India and China should rejig their diplomatic strategy to improve relations during the strategic dialogue next week, as economic ties which served as a buffer to alleviate frictions are getting weakened due to intense competition in markets, a report in the state-run media said.
India and China should rejig their diplomatic strategy to improve relations during the strategic dialogue next week, as economic ties which served as a buffer to alleviate frictions are getting weakened due to intense competition in markets, a report in the state-run media said. “As competition grows the function of economic ties as a buffer to alleviate trade friction between the countries is weakened, which requires the two neighbours to deal with a complicated political situation more carefully,” an article in the state-run Global Times said today.
The article in the daily’s website said the first India- China strategic dialogue is expected to be held on February 22 in Beijing and it would serve as a prime opportunity for the two countries to make a change in its diplomatic strategy.
Foreign Secretary S Jaishankar would lead the Indian delegation at the talks during which the two sides are expected to discuss steps to address increasingly tense ties due to differences over a host of issues including China blocking listing of JeM leader Masood Azhar as a terrorist and India’s admission into Nuclear Suppliers Group.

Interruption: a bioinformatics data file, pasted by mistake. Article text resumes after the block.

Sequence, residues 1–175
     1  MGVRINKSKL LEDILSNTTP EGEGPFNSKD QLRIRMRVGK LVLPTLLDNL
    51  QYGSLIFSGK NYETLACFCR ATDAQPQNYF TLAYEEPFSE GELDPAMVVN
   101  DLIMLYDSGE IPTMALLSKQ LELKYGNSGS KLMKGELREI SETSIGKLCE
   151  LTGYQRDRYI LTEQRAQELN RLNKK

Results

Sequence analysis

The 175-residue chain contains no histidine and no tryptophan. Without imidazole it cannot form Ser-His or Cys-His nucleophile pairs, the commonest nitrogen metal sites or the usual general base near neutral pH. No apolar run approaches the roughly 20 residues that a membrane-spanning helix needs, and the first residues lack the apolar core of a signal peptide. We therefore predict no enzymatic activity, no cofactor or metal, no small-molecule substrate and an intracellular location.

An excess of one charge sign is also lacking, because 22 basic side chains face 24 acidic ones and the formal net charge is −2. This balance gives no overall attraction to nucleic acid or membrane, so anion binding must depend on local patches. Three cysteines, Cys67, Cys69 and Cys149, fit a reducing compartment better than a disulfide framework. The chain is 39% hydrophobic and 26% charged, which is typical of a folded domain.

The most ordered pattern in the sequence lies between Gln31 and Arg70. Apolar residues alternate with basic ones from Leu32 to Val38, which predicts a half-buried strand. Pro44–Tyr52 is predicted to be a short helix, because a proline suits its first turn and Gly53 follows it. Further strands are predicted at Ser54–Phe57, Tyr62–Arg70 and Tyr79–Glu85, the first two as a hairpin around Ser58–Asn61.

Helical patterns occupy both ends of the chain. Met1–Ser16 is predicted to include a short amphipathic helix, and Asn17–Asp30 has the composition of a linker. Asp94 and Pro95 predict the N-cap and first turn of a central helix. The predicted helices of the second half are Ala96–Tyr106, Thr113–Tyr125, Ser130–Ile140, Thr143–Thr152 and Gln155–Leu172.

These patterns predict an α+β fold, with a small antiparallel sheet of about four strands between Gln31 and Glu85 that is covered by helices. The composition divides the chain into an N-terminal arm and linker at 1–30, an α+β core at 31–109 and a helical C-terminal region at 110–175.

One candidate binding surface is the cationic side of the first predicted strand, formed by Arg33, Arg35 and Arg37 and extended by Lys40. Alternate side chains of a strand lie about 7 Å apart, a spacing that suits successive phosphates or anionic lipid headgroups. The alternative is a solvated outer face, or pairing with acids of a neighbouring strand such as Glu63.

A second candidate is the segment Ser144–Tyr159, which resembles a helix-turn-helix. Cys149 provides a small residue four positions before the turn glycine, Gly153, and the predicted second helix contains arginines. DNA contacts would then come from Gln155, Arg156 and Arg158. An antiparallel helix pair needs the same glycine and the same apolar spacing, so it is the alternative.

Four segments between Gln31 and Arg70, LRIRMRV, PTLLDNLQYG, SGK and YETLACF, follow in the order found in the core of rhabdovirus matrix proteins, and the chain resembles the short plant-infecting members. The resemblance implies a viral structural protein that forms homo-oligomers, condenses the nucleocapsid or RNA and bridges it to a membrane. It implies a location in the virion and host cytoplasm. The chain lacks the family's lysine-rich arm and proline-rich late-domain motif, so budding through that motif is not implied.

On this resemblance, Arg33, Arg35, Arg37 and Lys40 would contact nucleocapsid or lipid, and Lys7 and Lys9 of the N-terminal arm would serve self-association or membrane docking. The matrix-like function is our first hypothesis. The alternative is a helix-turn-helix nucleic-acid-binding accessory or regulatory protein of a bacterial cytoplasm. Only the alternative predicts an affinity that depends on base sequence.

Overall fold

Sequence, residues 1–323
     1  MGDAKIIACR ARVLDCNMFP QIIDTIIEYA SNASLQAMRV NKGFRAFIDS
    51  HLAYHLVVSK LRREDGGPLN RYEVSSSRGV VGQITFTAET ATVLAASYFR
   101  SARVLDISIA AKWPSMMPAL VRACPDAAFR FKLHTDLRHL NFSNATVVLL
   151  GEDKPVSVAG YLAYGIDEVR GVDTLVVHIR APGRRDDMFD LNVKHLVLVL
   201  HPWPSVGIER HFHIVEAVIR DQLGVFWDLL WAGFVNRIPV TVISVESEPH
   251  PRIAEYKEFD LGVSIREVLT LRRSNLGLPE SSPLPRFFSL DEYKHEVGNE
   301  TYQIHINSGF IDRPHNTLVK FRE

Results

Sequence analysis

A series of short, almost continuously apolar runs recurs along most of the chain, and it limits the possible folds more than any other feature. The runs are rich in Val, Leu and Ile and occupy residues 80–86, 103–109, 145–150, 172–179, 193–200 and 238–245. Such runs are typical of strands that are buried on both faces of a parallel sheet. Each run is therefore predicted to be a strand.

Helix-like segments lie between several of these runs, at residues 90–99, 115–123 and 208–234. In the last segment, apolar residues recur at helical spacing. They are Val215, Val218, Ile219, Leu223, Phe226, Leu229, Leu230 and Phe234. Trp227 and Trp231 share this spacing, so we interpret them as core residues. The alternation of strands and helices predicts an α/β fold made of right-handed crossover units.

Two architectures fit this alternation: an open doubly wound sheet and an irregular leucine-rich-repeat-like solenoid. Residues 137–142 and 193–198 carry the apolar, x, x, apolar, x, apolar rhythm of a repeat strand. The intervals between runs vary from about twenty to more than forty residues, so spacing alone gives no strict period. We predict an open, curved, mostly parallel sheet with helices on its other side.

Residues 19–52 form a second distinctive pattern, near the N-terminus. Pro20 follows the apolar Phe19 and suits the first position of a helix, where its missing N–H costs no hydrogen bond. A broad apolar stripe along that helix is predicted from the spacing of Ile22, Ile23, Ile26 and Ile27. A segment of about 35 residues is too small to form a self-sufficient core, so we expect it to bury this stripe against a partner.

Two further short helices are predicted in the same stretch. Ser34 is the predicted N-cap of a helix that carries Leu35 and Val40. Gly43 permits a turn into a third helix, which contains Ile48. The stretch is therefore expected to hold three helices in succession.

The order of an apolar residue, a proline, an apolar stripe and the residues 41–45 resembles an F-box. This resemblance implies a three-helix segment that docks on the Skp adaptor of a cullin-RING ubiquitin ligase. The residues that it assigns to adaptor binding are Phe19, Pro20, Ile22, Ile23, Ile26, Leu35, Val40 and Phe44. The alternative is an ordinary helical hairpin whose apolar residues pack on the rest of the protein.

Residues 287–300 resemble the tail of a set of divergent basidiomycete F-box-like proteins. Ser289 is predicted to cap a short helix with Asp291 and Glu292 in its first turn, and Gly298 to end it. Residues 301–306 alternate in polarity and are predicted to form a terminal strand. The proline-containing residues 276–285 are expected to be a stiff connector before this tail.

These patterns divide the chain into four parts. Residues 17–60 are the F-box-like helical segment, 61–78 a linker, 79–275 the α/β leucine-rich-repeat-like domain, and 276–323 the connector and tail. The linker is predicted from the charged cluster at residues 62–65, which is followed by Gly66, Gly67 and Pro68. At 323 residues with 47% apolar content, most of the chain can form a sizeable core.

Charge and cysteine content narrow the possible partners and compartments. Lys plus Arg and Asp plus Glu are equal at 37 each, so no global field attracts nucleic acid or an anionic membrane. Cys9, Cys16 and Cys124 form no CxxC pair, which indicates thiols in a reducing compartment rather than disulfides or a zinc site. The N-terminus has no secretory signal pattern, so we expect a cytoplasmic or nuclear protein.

“Sino-Indian relations are experiencing severe tests after a female ‘parliamentary’ delegation from Taiwan paid a visit to India. Such issues should be handled much more carefully in the future,” it said.
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The report said that the economic ties no longer worked as a buffer as new study showed China has a relatively low industrial complementarity with India compared with other South Asian countries, resulting in intense competition in the global market for products made in the two countries.
Citing a new study by state-run think-tank – the Chinese Academy of Social Sciences (CASS) – the article said “as more economic competition is expected, greater uncertainty is likely to be present in future Sino-Indian relations”.
India-China trade and investments relations which made progress in the last two decades often regarded as a buffer to deal with complex issues like border and strategic competition between the two.
India-China bilateral trade progressed to over USD 70 billion while Chinese investments in India was USD 1.06 billion last year registering 7.5 per cent growth, as per Chinese official media.
The CASS report tends to challenge the idea that key elements for Sino-Indian ties are more complementary than competitive in economics and trade, the article said.
The idea that China and India are highly complementary should be abandoned in order to restore trust and promote economic cooperation, it said.